What could be more frustrating as an energy-conserving homeowner than to see ever-increasing electricity bills? You might be wondering “why is my PG&E electric bill so high?” even though you’ve tried so many things to lower it. Nothing seems to be helping!
Running your washing machine at night, not using your air conditioner during the peak hours…yet your bill doesn’t budge; or worse (and most commonly), it continues to rise. There are also additional pop-ups on your bill that are completely out of your control. All these conservation tips you’ve tried will not necessarily work unless you truly understand your electric bill. Take out your PG&E bill and follow along as we explain the two most important things you need to know.
1. Your “Rate Plan” makes a difference!
Depending on which Rate Plan you’re on, your “conservation tips” could be costing you more money. Understanding your Rate Plan is very important for conserving and saving money. You can check your bill to find out which plan you’re on. PG&E has two plans for your energy usage and pricing:
PG&E’s Tiered Rate Plan (E-1)
This is a plan that charges for every unit of energy used, and the price for this plan is determined by which tier of power usage you’re in. Each tier has a specific allotment of usage, also shown as “Allowance” on your bill. Once the energy used exceeds this “Allowance”, the consumer is moved into the next more expensive tier. If you can conserve energy and stay in the lower tiers, you will save money.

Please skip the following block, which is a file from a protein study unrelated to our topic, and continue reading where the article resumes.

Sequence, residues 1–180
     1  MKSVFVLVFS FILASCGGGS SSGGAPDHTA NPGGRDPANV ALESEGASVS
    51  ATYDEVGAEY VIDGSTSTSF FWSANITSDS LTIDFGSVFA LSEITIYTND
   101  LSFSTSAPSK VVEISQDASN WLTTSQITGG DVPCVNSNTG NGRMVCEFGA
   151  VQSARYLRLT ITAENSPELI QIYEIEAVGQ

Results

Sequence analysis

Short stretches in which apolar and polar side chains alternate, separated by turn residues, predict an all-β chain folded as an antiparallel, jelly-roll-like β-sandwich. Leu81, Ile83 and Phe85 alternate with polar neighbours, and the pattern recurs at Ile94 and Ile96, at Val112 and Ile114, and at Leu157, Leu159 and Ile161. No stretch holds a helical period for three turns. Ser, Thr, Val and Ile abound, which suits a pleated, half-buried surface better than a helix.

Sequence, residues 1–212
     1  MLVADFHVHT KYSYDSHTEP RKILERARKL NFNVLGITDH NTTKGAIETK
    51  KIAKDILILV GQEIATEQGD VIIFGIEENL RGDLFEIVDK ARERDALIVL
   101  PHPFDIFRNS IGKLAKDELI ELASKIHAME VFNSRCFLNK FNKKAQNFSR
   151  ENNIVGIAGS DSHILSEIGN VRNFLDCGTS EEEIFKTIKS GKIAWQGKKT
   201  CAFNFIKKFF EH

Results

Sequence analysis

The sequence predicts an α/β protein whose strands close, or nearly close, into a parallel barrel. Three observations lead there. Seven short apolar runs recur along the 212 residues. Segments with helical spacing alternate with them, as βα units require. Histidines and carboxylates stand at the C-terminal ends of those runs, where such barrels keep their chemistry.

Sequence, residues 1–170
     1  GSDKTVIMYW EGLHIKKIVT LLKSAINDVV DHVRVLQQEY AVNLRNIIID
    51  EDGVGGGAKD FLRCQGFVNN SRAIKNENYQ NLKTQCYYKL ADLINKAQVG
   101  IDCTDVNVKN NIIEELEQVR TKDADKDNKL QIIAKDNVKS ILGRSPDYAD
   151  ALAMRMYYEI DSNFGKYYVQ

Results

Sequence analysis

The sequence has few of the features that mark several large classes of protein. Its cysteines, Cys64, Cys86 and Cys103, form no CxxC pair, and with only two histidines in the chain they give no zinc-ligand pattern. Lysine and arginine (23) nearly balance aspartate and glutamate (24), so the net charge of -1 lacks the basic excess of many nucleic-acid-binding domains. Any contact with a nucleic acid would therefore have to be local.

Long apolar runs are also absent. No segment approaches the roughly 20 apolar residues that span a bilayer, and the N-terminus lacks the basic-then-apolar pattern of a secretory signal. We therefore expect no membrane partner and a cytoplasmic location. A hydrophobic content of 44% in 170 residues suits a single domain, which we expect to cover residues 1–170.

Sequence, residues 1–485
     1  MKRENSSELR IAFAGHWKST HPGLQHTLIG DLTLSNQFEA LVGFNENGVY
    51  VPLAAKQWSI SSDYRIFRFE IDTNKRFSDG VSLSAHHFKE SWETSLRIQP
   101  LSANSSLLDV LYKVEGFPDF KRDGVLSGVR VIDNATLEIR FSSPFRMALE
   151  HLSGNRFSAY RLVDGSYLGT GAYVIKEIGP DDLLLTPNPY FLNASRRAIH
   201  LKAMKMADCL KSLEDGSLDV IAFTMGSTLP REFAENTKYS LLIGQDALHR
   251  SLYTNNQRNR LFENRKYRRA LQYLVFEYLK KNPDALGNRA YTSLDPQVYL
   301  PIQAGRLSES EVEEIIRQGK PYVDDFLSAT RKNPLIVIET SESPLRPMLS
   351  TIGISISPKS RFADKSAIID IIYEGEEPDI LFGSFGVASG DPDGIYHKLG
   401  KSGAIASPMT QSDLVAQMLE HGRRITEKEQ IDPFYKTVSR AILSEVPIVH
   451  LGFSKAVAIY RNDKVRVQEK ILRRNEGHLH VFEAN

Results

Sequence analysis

The chart below demonstrates how Tiered Rate Plan works. Please keep in mind that this chart doesn’t represent all PG&E customers. To calculate your “Allowance”, visit PG&E website
Time-of-Use Rate Plans (T.O.U.)
PG&E also offers T.O.U plans that charge your usage based on the time of day you’re using electricity. So essentially, time is money. And what time your usage occurs is how your bill will be determined.
At the time this article was written, there are 2 different T.O.U plans available on PG&E website:
- Peak pricing 4 – 9 PM every day
- Peak pricing 5 – 8 PM weekdays
This simply means your electricity will be the most expensive during peak time. Using more electricity during the off-peak time and avoiding peak time is the way to lower your PG&E bill.
2. Understanding what you’re paying for!
There are many components of the price that make up the big number at the end of your bill. Page two of your PG&E bill will show the breakdown of these different charges:
- Transmission: the charge for the power that comes from the source (power plant) to the power grid near your home.
- Distribution: the charge of delivering the power from the energy grid to your actual house. Delivery is 2/3 of your costs.
Pro Tip: Being less dependent on the energy grid is the only way to lower the cost of delivery!
- Additional costs: Different programs that PGE has launched are tacked onto your bill. These are paying for government mandates and financial recuperations for PGE from fires and other infrastructure issues.
Knowing this information can help you predict the cost of your next PG&E energy bill. While understanding exactly what can cause your bill to go up is the first step in saving money, it’s also important to be aware of costs that cannot be determined based on your personal energy consumption. Factors such as increasing tier rates, delivery costs, and tariffs are all the things to be keeping an eye on throughout the month. Visit pge.com/tariffs for more information on rate increases.
If you have done everything you can to conserve your electricity usage and still want to take a step further in lowering your energy bill, going solar might be the right answer for you. The team of energy experts at Purus Energy can guide you and answer any questions you might have regarding going solar. Contact us at (925) 281 7370.